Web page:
A grassroots movement led by people in the town of Bemidji,
Minnesota, and their neighbors both on and off nearby reservations
have set out to find a path to reconciliation between whites and
American Indians. No government is taking part; no plan has been
laid; no blame will be assessed; and no one knows how long this
journey might take.
area residents have been working on projects to improve relations
between whites and American Indians for several years. Here,
an estimated 300 people turned up June 6, 2015, for the dedication
of a statue of Shaynowishkung, nicknamed Chief Bemidji. The
city of Bemidji got its name from the Ojibwe word Bemijigamaag
which means "lake with cross waters," referring to the Mississippi
River crossing through the lake. (photo by Michael Meuers)
"Truth and reconciliation is not an event," says Dr. Anton Treuer,
Leech Lake Band of Ojibwe, one of the people facilitating the process.
"It's not something that happens in a week, a month or a year. It's
a process and it might take a really long time. If it's just something
short then it's only something to make people feel good rather than
to really change the culture and reconcile the historical experiences
of diverse people." Treuer is an author and a professor at Bemidji
a planning meeting of the Bemidji Truth and Reconciliation
project, from left, are: Minnesota Native News reporter Melissa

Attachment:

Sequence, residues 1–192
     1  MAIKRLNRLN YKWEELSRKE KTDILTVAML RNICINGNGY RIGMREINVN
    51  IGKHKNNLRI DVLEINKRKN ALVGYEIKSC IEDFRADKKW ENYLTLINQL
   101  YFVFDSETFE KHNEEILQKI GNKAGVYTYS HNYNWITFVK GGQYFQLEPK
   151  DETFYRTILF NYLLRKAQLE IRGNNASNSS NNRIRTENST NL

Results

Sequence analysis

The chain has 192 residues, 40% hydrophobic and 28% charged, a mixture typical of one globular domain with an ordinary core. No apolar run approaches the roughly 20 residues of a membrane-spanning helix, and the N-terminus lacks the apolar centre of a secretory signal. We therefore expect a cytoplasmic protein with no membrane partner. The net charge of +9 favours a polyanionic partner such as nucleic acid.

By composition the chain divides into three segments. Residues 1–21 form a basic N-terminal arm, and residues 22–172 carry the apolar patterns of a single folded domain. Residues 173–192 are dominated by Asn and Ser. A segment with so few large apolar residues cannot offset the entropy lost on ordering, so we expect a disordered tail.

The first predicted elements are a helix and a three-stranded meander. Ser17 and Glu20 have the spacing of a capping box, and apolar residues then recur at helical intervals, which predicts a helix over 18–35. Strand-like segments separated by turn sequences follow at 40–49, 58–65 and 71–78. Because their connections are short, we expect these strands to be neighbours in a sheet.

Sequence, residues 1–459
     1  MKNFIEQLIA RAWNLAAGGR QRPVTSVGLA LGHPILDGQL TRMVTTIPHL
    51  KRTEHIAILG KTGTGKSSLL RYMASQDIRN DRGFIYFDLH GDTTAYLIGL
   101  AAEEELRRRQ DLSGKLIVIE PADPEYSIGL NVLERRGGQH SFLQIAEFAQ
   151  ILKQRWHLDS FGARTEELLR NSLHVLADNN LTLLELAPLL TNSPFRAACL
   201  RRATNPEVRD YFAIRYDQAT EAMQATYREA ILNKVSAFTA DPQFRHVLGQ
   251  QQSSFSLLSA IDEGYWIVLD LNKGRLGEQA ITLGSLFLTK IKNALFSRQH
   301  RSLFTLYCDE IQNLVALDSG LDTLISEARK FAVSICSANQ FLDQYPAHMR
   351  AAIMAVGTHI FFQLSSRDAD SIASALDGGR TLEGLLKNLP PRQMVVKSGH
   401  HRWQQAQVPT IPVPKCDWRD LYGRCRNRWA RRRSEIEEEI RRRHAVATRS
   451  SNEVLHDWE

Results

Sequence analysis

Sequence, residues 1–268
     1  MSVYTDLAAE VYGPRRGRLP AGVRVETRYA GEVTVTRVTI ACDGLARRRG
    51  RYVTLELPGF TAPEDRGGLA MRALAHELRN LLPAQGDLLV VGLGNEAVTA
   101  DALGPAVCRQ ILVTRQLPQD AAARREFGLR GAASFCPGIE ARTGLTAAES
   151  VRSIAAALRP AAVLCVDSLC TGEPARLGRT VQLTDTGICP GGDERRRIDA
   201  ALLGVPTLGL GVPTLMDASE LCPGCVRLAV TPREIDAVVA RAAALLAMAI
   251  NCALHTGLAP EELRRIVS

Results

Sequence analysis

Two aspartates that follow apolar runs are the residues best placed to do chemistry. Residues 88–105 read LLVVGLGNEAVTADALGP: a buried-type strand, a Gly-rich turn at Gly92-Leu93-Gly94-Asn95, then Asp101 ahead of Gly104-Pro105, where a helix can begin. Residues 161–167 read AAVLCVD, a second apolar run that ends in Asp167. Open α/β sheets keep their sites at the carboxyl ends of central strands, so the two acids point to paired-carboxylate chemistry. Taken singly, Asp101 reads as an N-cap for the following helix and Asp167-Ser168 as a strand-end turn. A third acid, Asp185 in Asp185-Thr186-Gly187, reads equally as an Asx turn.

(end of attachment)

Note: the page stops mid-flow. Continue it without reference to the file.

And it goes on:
Townsend; Simone Senogles, Red Lake Nation; Tori Graves, and
Anton Treuer, Leech Lake Ojibwe. (Michael Meuers)
Understanding is key. Becky LaPlante, of the Blandin Foundation,
has been working on a similar effort, the Circle of Healing, being
carried out by a group from the Grand Rapids, Minnesota area. She
says, "For the first 18 months, the 30 or so participants just sat
in a circle and listened to each other. We began to build awareness
about our shared history, which is largely unknown in dominant culture
and to some extent in Native culture."
The Blandin Foundation has been sending people to participate
in the Bemidji effort, at the invitation of people in that group.
That kind of inclusiveness is equally crucial. Justin Beaulieu,
Red Lake Band of Chippewa, says, "One of our principles is to make
sure the group is inclusive, to make sure everyone can participate
and they feel comfortable participating. Who is at the table right
now and who else needs to be?"
of four nations fly proudly at the dedication of a statue
of Shaynowishkung, Chief Bemidji. From front: U.S., Red Lake
Band of Chippewa Indians, Leech Lake Band of Ojibwe, White
Earth Band of Chippewa, POW/MIA. (Michael Meuers)
The faith communities are among the groups that need to be there.
Beaulieu says, "There was a significant amount of harm that was
done to children and to families by the faith communities, looking
at Manifest Destiny and how these people were utilizing the laws
to take children out of their homes, to separate the families. So
how do we heal those parts? We are trying to identify where the
harm was and how those things have impacted our generations, the
adverse childhood experiences and how those cycles have perpetuated
He notes, however, "The most important thing is that we're not
trying to assess blame or to make somebody feel like they're bad.
It's about understanding what happened, why those things happened,
then healing them."
This effort is really just emerging," says Treuer. "We didn't